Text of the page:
Abstract 760


The incidence of multiple myeloma (MM) increases with age, and the prognosis worsens. Comorbidities increase in prevalence with age, yet little is known about the impact of comorbid medical conditions on outcomes in MM.


In a retrospectively-assembled cohort study, all patients with MM diagnosed between 1998 and 2009 at a Veterans' Administration (VA) hospital were identified in the VA central cancer registry. Patients who received no treatment within 6 months of diagnosis were excluded, eliminating those with smoldering myeloma or who received supportive care only. Comorbidities were ascertained from ICD-9 codes present prior to the diagnosis of MM, and categorized using the Romano adaptation of the Charlson Comorbidity Index (CCI). The independent effects of age, race and comorbidities were examined using Cox proportional hazards modeling. The impact of individual comorbidities on survival was also examined, controlling for age and race.


A total of 2,968 patients were identified. The median age was 69 (range 27–92). The vast majority of patients (98%) were male; 28.6% of the patients were black. The median Charlson Comorbidity Index score was 2 (range 0–13). The frequencies of selected comorbidities were: diabetes (31%), renal impairment (23.8%), cardiovascular comorbidities (38.8%) and pulmonary (26.6%). The median overall survival (OS) for the entire cohort was 28.6 months at a median follow up of 26.8 months (range 0–137 months). On multivariate analysis, age was significantly associated with mortality [Hazard Ratio (HR) 1.03 per year (95% confidence intervals (CI) 1.03–1.04), p<0.0001]. Race was not significantly associated with survival [HR 0.99 (95% CI 0.90–1.09), p=0.81]. The median OS, adjusted for age and race, was 36.5 months for patients with no comorbidities, 33.9 months for patients with a CCI score of 1–2, 25.6 months for patients with a CCI score of 3–4 and 20.2 months for patients with a CCI score ≥5. The impact of comorbidities on survival violated the proportional hazards assumption, with a cut-point at 1 year, indicating that the influence of comorbidities varied over time. Relative to those with no comorbidities, the HR for death among those with a CCI score 1–2 was 1.20 (0.97–1.48) in the first year, and 1.03 (95% CI 0.89–1.18) subsequent to the first year; among those with a CCI score 3–4, the HR for death was 1.67 (95% CI 1.34–2.08) in the first year and 1.23 (95% CI 1.05–1.45) subsequently; among those with a CCI score ≥5, the risk of death in the first year doubled [HR 2.15 (95% CI 1.73–2.67)] and was increased 40% subsequently [HR 1.42 (95% CI 1.19–1.69)]. Individual prevalent comorbidities were then examined. Cardiovascular disease, renal impairment, and pulmonary disease were all significantly associated with mortality. In the first year after diagnosis, cardiovascular disease was associated with a 55% increase in mortality [HR 1.55 (95% CI 1.35–1.78)] while, subsequent to the first year, the risk was only increased about 20% [HR 1.19 (95% CI 1.07–1.39)]. The impact of renal impairment and pulmonary impairment did not vary over time; both were associated with a 25% increased risk of death [renal impairment HR 1.26 (95% CI 1.14–1.38); pulmonary disease HR 1.24 (95% CI 1.13–1.37)]. Diabetes was not associated with survival (HR 1.02, p=0.64) after controlling for age, race and cardiovascular, pulmonary or renal impairment.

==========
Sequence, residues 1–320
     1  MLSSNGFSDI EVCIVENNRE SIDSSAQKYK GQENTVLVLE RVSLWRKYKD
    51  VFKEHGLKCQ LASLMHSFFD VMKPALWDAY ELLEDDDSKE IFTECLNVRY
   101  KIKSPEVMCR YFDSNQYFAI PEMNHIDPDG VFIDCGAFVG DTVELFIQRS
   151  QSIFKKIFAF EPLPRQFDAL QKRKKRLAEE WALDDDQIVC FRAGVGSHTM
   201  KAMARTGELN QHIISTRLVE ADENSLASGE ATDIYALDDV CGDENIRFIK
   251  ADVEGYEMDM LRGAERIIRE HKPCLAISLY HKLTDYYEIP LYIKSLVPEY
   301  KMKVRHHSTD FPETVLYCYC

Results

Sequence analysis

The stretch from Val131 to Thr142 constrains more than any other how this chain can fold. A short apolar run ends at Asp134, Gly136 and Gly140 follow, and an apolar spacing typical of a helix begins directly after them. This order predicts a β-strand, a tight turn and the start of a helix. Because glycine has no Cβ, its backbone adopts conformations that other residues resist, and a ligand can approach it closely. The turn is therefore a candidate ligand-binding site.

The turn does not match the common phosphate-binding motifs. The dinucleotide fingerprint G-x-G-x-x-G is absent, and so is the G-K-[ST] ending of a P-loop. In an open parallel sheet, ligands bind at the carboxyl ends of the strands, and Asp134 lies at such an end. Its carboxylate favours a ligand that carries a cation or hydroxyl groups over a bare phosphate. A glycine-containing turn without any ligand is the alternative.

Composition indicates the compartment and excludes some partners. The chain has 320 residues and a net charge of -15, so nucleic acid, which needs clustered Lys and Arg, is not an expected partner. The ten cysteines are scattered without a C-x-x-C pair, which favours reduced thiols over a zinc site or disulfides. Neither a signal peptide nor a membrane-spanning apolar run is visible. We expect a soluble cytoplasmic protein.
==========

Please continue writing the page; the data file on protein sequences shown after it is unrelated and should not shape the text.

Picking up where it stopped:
Age and comorbidities are independently associated with increased risk of mortality in MM. The influence of comorbidities varies over time, with the greatest impact noted in the first year after diagnosis of MM among those with a CCI score ≥3 and with cardiovascular disease. Further study is needed to determine whether this increased early mortality is related to increased risk of toxicity of therapy, inadequate MM therapy or both.


No relevant conflicts of interest to declare.

Author notes


Asterisk with author names denotes non-ASH members.